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View From The Dolan: The Six-Month Wait

For the first time since late February, Reading have an actual league win to celebrate!

PA Images via Getty Images

16 games. Six long months. Three managers. Two leagues. That’s the time span it’s taken us to win a league game of association football. I’m sure, like you, I’d forgotten what that winning feeling felt like, but this crop of emerging talent finally got us all (legally) high as kites with a win over The Robins.

Part of the frustration from Saturday was the fact that none of the players who put Millwall to the sword s few days earlier were rewarded with a start. As I mentioned on the latest pod (available wherever podcasts live), I felt Old Rubes had given some of the players that started up in The Vale a final chance. Of course, that didn’t work out well and, as such, I was eagerly awaiting the team news for this game against our visitors.

Seven changes were made to make the team almost a complete replica of the one that did so well in the Isle of Dogs (and I’m fully aware that Millwall as club isn’t actually in the Isle of Dogs, but it just sounds better ok) and, as such, got tongues wagging quicker than a cocker spaniel’s tail at Crufts.

Brave perhaps, but definitely calculated. Personally, I felt this game was a big one. Had the Spanish Brad Pitt played a carbon copy of the team that struggled on Saturday, the crowd - for the majority - would have already been on their backs from the warm-up. Playing the team who are deemed to be “younger” (in age anyway) meant support was there from the off.

On the drive up to the Whitley Bowl, I chose to listen to BBC Berkshire. Mick Gooding said the team starting were under pressure. At this, I let out an expletive and increased my speed by a few mph (still within legal limits) to reach the ground quicker. Look, they couldn’t have done any worse than previous, so where was the pressure?

As I pulled into the car park, I got chatting to the steward. In truth, he’s more than that: a counsellor, public figure, all-round good egg and lifelong Reading fan. I was chatting so much that, as I pulled away, I ran into a bollard.

Of course, this set him and his mates off laughing and I felt like getting out and saying: “Look mate, if you hadn’t been talking to me as much as you were, I would have spotted the blue and white cone and therefore would not have run over it. THINK YOURSELF LUCKY IT WASN’T A PERSON BECAUSE IF IT HAD BEEN, YOU’D BE UP IN COURT FOR DISTRACTING THE DRIVER AND WHILST OUR JUDICIAL SYSTEM HAS HAD ITS DOUBTERS, I’M PRETTY SURE YOU’D HAVE SOME EXPLAINING TO DO.” As it was, I just laughed it off and drove sheepishly round to park right outside Gate 5 (the best gate).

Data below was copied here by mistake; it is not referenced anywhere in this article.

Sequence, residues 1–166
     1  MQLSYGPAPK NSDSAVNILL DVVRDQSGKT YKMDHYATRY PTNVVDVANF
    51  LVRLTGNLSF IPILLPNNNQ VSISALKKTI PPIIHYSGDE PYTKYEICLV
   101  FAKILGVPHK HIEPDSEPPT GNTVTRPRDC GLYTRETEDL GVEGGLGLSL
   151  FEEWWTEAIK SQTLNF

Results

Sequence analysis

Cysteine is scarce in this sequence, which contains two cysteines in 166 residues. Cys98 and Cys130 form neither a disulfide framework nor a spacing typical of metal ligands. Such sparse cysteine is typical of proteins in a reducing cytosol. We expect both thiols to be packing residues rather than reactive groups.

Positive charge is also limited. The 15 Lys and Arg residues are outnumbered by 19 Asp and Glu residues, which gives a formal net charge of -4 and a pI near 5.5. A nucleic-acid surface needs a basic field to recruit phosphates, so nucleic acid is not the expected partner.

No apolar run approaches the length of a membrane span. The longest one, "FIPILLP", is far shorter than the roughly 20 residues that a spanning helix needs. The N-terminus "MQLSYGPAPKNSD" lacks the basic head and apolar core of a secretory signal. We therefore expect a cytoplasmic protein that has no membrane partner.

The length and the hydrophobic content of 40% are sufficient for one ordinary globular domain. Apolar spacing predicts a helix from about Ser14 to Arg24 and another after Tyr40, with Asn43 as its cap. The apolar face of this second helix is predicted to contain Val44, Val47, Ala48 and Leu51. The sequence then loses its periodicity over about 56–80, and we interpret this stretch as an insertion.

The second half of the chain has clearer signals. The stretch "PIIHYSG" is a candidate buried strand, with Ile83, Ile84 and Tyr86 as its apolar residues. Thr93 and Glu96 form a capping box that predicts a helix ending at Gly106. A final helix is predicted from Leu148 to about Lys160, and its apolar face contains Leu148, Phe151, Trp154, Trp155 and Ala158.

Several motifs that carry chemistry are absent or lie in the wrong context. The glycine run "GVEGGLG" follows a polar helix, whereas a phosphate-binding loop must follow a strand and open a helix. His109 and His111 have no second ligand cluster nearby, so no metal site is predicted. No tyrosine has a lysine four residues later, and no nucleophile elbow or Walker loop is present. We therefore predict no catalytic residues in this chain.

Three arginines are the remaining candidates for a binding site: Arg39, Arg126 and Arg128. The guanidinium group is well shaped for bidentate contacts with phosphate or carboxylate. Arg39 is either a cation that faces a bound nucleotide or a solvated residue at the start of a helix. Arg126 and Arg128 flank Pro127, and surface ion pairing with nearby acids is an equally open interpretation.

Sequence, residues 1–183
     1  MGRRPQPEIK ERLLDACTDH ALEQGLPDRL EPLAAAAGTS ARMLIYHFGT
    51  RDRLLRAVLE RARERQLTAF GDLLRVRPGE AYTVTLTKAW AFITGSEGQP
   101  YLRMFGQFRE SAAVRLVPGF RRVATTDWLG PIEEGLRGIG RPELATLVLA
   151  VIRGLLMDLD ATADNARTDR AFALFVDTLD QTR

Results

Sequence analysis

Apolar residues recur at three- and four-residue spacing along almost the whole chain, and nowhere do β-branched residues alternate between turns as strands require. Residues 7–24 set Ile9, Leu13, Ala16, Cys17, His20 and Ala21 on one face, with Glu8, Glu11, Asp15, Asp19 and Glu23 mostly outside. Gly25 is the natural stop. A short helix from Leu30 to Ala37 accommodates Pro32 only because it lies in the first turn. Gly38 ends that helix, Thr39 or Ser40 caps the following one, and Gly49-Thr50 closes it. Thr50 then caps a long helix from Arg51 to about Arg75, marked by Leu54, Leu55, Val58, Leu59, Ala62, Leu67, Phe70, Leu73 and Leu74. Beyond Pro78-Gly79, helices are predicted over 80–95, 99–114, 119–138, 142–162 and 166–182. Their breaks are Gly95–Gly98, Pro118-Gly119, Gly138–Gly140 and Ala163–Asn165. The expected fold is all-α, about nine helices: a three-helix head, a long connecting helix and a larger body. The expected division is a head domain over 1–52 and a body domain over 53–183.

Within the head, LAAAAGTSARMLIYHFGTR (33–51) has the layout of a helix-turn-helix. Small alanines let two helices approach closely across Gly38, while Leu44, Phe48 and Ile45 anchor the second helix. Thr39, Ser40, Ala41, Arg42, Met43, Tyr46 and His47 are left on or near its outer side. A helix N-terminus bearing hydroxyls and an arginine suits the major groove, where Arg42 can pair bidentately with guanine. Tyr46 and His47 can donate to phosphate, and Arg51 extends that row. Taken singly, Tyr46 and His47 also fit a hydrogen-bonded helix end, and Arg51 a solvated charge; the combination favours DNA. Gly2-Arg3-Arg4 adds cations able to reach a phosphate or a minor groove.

We started really well - plenty of confidence, patience and energy. I literally can’t be bothered to review the first half as Marc has already done that, but we were good, it was enjoyable and I smiled at various intervals.

At half-time, I felt I deserved a beer. As I looked at the menu, I spotted some new additions to the fare down there. Of most interest was a lamb diner sausage roll. As I collected my Central European lager, the new food got me thinking: how can it be a sausage roll if it’s not made out of actual sausage? It’s like me saying: “I made a cinnamon bun but didn’t include any cinnamon.”

Do you know what I mean though? Like, is this food fraud? I was watching from my vantage point in the concourse to see if anyone bought one - did it even look like a sausage roll? I couldn’t see anyone buying one, so I finished my pint in stony silence and composed an email to my contacts at the club to discuss this development. I didn’t actually send it because I’m not crazy, but it made me feel better.

The second half was still engaging, but I felt we made it harder for ourselves than we needed it to be. In truth, we never really looked like losing the game (or rather, conceding), but I did pull the hoodie over my head when the fourth official put up nine minutes to close the game out.

All in all, it was really enjoyable. A win always is, right? Plenty of players had decent games: Nelson Abbey, Mamadi Camara, Matty Carson, Lewis Wing, Charlie Savage… some of whom were ignored by the previous manager. Maybe this season will be the one where they are allowed to develop and flourish in their own time, at their own pace. Perhaps we’ll win more games than we lose this season.